Description of original award (Fiscal Year 2011, $50,000)
The Second Chance Act of 2007 (Pub. L. 110-199) provides a comprehensive response to the increasing number of incarcerated adults and juveniles who are released from prison, jail, and juvenile residential facilities and are returning to their communities. Approximately 100,000 youthful offenders are confined in juvenile residential facilities on any given day. The FY 2011 Second Chance Act Juvenile Offender Reentry Program helps ensure that the transition the youth make from secure confinement facilities to the community is successful and promotes public safety. A secure confinement facility may include a juvenile detention center, juvenile correctional facility, or staff-secure facility. Eligible juveniles must have been confined under juvenile court jurisdiction. This program is authorized by the Second Chance Act, Pub. L. 110-199, (42 U.S.C. § 3797w). The Second Chance Act authorizes grants to states, territories, units of local government and federally-recognized Indian tribal governments for demonstration projects to promote the safe and successful reintegration into the community of individuals who have been incarcerated or detained.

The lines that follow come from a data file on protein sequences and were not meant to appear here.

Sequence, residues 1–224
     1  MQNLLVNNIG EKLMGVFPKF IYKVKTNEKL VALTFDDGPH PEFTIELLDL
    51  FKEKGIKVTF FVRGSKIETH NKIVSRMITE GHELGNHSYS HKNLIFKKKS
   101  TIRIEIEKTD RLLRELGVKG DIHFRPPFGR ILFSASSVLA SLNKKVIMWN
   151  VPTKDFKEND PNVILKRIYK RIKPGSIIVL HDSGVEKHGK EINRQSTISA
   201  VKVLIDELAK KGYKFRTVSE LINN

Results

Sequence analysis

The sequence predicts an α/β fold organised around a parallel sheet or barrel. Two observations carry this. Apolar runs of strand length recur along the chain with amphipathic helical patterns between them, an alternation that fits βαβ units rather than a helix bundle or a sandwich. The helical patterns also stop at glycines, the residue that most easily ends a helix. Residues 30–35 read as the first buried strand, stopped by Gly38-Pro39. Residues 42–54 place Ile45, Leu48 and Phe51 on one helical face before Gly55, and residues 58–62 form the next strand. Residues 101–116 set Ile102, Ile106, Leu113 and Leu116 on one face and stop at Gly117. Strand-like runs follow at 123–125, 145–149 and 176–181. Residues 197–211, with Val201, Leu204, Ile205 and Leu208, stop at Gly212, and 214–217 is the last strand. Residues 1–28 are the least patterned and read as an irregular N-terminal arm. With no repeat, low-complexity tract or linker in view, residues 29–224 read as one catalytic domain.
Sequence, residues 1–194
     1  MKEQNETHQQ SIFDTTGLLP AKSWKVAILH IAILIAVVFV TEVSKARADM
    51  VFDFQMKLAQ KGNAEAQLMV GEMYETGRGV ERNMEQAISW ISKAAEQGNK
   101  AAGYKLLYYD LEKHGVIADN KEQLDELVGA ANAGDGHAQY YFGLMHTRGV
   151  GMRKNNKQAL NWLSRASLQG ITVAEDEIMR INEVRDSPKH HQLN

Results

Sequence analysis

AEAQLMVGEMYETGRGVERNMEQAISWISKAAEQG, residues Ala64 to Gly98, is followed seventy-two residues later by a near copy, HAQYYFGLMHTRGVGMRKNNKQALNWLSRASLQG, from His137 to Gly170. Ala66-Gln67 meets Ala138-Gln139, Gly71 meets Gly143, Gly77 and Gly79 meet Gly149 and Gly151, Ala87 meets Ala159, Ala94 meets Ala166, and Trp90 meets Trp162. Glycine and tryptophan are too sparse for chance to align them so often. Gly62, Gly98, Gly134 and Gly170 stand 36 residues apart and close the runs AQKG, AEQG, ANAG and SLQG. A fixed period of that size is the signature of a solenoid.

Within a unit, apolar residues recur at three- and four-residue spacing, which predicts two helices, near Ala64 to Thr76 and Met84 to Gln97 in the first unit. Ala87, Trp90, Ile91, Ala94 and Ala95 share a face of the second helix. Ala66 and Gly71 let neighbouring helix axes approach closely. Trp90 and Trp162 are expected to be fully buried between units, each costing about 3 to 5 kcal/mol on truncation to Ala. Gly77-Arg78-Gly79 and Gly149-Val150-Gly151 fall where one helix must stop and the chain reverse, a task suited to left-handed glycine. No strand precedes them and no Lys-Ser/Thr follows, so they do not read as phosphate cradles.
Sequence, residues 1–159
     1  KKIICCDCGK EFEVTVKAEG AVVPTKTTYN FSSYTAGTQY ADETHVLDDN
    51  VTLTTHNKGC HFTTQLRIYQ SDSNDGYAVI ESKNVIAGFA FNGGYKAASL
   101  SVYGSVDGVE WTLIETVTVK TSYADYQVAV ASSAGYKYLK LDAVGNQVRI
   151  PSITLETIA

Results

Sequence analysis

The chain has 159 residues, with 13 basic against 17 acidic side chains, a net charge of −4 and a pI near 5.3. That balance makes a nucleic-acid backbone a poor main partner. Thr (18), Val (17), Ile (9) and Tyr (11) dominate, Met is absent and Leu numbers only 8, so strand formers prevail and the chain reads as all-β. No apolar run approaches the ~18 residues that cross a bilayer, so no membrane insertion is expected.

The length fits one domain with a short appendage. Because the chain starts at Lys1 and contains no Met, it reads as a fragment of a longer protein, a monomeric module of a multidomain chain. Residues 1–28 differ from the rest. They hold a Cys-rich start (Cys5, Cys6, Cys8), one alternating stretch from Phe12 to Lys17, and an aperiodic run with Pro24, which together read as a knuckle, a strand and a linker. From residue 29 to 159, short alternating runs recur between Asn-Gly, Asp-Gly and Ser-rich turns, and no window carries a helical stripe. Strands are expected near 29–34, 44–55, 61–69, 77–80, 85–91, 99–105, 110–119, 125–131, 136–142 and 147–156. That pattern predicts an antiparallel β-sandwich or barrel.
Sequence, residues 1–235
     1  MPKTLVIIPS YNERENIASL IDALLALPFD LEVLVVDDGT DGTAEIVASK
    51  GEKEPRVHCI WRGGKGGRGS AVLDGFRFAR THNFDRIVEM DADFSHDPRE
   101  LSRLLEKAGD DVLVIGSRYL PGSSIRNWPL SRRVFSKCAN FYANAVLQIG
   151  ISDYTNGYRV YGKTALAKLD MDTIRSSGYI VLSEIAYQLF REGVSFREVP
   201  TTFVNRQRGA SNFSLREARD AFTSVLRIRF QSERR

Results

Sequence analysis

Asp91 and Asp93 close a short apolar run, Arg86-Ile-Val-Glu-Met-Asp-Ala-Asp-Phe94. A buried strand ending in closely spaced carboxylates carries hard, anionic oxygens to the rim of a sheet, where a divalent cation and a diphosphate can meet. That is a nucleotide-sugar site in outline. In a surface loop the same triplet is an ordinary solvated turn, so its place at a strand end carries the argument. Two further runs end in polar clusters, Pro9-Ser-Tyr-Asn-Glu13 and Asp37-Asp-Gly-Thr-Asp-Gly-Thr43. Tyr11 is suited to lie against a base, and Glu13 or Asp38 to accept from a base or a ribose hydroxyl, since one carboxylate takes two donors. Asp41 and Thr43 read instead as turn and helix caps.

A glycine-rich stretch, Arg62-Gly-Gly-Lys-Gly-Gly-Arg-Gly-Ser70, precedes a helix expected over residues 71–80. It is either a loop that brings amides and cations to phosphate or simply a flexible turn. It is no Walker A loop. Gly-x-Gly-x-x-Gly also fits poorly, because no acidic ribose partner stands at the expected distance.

In an effort to develop comprehensive and collaborative strategies to address the challenges confronting juveniles returning from detention to high crime communities in Brooklyn and Staten Island, the New York State Unified Court System, together with the Center for Court Innovation, proposes to establish a Juvenile Reentry Task Force. The task force will be the primary vehicle for the development of a comprehensive strategic plan addressing barriers to successful reintegration that confront young people returning home from local detention. The Juvenile Reentry task force will include New York City Family Court, local juvenile justice and social service government agencies, community-based service providers, and other key stakeholders. It will be charged with developing a far-ranging strategic plan to address the needs of high-risk young people who are released from the Crossroads Juvenile Center (a secure detention facility in Brooklyn) and return to high-crime communities in Brooklyn and Staten Island. The task force will examine ways to share and maximize resources and funding streams, collect and analyze data, infuse best practices in juvenile offender reentry into the work of stakeholder agencies and organizations, and forge seamless collaboration among corrections, community corrections, the courts, non-profit organizations, schools, and families. The proposed project will result in a strategic plan for young people that relies upon an evidence-based approach to the delivery of services in both pre- and post-release settings to ensure that young people safely and successfully transition back into the community.